Computer Won't Turn On
Computer Won't Turn On

We’ve all been there—pressing the power button repeatedly, hoping that our computer will spring to life. But alas, nothing happens. Before you panic, let’s walk through a comprehensive troubleshooting procedure to diagnose and (hopefully) fix the problem.

Initial Checks

  1. Power Connection: Ensure your computer is properly plugged into a power source. If using a laptop, ensure your battery is charged or the charger is connected.
  2. Cable Integrity: Inspect the power cable for any visible damage or wear.
  3. Power Outlet: Try plugging another device into the same power outlet to ensure it’s working correctly.

For Desktop Computers

  1. Power Supply Unit (PSU) Check: The PSU might be the culprit.
    • Listen for any sounds from the PSU fan.
    • Check if the back of the computer where the PSU is located is warm.
    • If you’re comfortable, open the computer case and check if any LEDs on the motherboard are lit.
    • Make sure the proper voltage is set on the PSU for the country that you’re in. In the USA that would be the 115V setting (or something in that range such as 110V). If you’re seeing a setting of 230V or similar, you risk damaging the components inside the computer.
  2. Front Panel Connector: Sometimes, the power button wire can get disconnected from the motherboard. Ensure the front panel connectors are properly connected.

For Laptops

  1. Battery Issues: Remove the battery (if possible) and connect the laptop directly to a power source using the charger. Try to power it on.
  2. Charger Problems: Inspect the charger for any damage and ensure it’s the correct charger for your laptop model.

Advanced Troubleshooting

  1. RAM: Faulty or improperly seated RAM can prevent a computer from booting.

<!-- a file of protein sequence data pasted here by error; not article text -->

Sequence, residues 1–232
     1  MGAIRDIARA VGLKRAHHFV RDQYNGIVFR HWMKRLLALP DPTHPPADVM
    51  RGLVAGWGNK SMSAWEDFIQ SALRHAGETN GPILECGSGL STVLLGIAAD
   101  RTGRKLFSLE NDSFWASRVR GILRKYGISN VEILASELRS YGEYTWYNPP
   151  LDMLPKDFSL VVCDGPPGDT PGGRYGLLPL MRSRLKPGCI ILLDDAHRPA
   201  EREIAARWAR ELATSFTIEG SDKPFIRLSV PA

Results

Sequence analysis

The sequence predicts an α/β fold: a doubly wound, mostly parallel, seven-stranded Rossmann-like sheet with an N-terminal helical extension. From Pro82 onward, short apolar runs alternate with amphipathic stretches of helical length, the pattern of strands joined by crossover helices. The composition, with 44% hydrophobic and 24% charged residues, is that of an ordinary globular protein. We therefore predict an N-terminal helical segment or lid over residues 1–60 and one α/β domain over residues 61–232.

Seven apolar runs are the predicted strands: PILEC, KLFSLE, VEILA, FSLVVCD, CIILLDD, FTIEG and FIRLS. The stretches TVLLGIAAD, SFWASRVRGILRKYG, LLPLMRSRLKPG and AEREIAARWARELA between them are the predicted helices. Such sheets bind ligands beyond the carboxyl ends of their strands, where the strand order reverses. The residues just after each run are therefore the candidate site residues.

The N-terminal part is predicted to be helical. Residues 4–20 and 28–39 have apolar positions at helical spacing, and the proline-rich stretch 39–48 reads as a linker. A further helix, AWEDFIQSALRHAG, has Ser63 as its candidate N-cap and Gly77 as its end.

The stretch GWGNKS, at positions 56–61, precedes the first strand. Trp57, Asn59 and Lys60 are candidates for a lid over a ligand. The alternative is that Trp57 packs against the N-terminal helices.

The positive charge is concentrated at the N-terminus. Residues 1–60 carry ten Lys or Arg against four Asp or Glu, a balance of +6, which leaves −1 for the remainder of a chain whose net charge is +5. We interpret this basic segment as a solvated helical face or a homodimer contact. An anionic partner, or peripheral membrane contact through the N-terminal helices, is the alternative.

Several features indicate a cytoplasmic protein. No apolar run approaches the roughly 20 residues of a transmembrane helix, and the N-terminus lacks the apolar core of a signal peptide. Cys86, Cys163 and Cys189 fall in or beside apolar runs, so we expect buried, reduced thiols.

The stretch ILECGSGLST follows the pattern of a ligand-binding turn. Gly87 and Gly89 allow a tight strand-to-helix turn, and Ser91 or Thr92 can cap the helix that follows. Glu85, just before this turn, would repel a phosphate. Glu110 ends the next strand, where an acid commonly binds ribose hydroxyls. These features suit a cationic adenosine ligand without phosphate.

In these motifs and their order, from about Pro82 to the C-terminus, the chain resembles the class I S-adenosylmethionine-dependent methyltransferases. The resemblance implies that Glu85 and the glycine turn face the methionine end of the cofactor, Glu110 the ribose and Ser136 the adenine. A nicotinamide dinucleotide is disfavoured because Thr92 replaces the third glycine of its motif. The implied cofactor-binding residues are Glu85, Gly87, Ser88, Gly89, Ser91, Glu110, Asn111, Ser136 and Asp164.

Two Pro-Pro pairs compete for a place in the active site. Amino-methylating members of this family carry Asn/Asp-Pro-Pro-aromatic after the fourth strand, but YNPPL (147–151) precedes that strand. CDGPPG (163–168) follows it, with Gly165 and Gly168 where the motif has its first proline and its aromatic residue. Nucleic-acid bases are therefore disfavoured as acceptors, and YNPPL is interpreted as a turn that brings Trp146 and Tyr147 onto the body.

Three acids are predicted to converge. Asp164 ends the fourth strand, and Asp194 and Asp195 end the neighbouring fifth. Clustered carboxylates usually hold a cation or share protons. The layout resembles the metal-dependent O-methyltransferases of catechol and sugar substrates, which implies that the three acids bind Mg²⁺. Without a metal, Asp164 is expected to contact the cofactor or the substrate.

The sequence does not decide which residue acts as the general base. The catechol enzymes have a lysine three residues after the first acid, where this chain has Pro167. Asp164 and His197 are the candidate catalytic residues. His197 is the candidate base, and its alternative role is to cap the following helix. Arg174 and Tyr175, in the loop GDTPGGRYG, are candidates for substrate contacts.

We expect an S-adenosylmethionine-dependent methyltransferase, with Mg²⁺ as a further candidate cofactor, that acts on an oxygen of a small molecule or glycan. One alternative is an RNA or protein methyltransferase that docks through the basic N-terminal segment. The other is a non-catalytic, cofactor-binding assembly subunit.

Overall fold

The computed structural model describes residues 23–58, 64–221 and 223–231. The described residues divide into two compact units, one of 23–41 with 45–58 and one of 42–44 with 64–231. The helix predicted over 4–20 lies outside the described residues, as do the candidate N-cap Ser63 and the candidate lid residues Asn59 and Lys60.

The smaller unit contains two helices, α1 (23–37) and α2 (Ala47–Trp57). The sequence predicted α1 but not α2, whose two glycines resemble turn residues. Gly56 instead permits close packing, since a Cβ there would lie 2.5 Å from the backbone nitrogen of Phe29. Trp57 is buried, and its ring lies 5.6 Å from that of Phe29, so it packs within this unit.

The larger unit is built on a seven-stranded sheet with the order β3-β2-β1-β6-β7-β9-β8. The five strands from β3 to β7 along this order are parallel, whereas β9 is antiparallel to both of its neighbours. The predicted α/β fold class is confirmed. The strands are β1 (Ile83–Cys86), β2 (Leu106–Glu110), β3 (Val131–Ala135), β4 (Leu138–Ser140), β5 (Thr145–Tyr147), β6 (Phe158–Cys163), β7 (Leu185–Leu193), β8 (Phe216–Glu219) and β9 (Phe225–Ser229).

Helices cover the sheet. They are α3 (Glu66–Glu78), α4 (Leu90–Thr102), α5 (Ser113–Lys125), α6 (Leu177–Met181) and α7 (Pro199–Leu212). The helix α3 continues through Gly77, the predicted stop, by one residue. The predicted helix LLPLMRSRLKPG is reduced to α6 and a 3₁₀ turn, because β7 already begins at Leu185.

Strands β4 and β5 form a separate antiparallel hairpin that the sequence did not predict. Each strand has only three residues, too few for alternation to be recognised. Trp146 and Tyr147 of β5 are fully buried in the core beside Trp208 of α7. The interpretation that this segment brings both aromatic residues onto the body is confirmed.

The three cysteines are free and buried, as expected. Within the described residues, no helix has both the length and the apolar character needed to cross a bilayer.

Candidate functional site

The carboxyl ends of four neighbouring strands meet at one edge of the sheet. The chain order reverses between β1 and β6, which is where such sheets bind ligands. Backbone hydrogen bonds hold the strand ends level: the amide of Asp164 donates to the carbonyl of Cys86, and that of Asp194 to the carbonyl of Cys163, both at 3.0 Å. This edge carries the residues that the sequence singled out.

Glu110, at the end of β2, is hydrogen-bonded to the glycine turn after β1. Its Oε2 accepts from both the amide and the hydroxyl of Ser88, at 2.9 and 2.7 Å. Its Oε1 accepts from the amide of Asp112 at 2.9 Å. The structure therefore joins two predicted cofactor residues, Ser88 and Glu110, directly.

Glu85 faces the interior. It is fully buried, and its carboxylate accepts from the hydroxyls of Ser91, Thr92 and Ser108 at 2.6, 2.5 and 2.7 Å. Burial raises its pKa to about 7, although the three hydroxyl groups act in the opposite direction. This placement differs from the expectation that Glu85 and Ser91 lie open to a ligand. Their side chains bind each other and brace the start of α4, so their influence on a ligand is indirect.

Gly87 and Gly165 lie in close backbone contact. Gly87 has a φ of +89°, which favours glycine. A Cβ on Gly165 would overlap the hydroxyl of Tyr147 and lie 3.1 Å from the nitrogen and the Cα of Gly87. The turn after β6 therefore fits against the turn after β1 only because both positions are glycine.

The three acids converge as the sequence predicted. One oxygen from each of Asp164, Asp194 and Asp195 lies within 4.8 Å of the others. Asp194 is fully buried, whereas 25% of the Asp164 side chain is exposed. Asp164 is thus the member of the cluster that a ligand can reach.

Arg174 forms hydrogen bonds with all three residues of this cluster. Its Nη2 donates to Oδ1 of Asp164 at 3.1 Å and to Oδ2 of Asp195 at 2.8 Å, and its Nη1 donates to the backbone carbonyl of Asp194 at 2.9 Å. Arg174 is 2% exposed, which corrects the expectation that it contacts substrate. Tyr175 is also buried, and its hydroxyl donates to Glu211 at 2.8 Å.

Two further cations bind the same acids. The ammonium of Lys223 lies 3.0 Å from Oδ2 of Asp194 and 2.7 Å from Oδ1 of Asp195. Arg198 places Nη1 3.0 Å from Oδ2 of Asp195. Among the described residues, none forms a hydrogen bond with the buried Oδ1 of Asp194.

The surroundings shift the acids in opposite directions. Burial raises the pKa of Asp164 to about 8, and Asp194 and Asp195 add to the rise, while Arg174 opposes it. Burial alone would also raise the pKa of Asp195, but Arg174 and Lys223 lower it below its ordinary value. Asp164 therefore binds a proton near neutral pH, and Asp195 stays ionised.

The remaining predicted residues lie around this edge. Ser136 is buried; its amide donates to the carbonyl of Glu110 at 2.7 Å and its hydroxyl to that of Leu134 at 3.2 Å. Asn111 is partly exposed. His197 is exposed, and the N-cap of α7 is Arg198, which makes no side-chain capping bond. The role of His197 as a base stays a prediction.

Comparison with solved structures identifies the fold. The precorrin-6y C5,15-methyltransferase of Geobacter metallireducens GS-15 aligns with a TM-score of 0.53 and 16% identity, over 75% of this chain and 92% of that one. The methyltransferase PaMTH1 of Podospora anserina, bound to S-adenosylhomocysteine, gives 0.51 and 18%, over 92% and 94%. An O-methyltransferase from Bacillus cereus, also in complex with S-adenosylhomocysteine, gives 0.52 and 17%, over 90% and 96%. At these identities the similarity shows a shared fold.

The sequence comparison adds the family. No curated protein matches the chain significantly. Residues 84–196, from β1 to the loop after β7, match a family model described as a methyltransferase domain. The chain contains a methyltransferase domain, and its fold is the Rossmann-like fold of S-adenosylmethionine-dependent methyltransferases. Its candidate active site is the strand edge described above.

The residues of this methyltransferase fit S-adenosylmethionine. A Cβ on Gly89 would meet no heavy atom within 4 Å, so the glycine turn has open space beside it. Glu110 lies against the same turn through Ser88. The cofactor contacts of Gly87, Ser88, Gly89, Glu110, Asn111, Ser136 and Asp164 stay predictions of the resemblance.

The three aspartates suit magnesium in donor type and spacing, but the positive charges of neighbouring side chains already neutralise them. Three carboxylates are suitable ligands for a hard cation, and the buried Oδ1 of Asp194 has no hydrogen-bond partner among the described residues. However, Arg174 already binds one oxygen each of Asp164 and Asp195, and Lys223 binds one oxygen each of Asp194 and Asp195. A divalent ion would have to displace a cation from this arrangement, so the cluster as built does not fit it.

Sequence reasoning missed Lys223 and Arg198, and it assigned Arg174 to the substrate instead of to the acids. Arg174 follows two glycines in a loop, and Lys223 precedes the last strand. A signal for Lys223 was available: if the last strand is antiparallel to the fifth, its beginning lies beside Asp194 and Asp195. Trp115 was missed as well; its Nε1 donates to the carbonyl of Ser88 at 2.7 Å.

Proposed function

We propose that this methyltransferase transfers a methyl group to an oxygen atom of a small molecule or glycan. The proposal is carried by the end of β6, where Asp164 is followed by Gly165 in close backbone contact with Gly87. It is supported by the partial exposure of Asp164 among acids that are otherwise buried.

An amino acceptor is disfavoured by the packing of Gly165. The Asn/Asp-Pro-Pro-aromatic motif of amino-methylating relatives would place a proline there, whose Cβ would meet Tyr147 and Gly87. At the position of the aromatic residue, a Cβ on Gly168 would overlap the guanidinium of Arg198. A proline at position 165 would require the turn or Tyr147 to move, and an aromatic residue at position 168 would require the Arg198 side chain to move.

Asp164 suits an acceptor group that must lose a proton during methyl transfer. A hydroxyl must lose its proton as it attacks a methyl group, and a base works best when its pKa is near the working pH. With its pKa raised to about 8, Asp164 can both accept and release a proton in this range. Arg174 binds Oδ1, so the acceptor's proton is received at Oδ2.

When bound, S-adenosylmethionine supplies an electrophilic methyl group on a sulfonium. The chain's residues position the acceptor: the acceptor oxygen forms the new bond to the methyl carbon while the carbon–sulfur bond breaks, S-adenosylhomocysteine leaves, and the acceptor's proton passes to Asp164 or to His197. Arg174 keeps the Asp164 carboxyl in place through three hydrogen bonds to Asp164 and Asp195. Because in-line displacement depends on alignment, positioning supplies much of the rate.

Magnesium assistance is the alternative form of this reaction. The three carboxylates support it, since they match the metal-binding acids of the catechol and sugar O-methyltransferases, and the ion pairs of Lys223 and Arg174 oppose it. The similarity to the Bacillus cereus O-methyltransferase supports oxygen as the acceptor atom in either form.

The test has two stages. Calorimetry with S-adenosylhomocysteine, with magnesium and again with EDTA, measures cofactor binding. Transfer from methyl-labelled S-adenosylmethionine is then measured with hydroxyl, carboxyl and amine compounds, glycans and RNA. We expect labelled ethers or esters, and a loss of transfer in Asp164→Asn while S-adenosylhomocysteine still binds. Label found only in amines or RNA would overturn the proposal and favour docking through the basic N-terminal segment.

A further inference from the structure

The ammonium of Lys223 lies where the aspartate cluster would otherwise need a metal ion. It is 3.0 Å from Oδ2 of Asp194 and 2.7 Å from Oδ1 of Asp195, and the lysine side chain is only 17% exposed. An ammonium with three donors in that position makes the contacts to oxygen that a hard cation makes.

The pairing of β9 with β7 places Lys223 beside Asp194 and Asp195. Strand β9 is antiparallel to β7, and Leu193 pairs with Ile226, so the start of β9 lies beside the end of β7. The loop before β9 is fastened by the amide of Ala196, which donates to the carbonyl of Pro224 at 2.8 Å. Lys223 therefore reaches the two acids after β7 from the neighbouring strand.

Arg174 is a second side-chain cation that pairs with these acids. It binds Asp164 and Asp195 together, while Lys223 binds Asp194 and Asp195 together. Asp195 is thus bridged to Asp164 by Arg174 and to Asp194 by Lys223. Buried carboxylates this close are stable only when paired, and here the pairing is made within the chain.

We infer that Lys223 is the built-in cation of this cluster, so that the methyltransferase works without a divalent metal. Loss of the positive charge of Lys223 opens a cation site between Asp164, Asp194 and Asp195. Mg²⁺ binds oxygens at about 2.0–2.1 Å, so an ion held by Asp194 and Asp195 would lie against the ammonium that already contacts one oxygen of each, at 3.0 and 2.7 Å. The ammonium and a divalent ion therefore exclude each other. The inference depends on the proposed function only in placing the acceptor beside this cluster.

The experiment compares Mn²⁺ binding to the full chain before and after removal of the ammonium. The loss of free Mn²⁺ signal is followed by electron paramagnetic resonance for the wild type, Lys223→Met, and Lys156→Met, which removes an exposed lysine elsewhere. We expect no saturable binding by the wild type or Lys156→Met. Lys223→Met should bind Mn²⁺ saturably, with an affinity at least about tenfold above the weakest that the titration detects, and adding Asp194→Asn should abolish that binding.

• Turn off the computer and unplug it.
    • Open the computer case (desktop) or back panel (laptop).
    • Remove the RAM sticks and then reseat them properly.
  2. Graphics Card: If your computer has a separate graphics card, ensure it’s properly seated. You can also try removing it and using the onboard graphics (if available).
  3. External Devices: A malfunctioning peripheral (like a printer, USB device, or external hard drive) can sometimes cause boot issues. Disconnect all external devices and try to power on the computer.
  4. BIOS Reset: If there was a recent BIOS update or configuration change, it might be causing boot problems.
    • Refer to your computer’s manual to reset the BIOS to its default settings.
  5. Hard Drive Issues: If you hear clicking sounds, it might be a sign of a failing hard drive. In this case, you’ll need to replace it.

Still No Luck? If you’ve tried the above steps and your computer still won’t turn on, it might be time to consult a professional. It could be a motherboard issue, a short circuit, or another complex problem.


  • Could software issues prevent my computer from turning on?
    While software issues can cause boot problems, they usually won’t prevent the computer from powering on. You’d typically see at least the BIOS or a startup screen.
  • I smell a burning odor from my PC. What should I do?
    Immediately unplug your PC. This could indicate a serious electrical or component issue. Consult a professional before turning it on again.
  • Can power surges damage my computer?
    Yes, power surges can harm your computer’s components. It’s advisable to use a surge protector.
  • How often should I replace my computer’s battery or PSU?
    While they can last several years, their lifespan can vary based on usage. If you notice reduced backup time or other power issues, consider a replacement.
  • Should I attempt to repair the motherboard myself?
    Unless you’re trained, it’s risky to repair or tamper with a motherboard. Always consult a professional.
Eric Chan

Hi! I’m Eric and I work on the knowledge base at  You can see some of my writings about technology, cellphone repair, and computer repair here.

When I’m not writing about tech I’m playing with my dog or hanging out with my girlfriend.

Shoot me a message at if you want to see a topic discussed or have a correction on something I’ve written.

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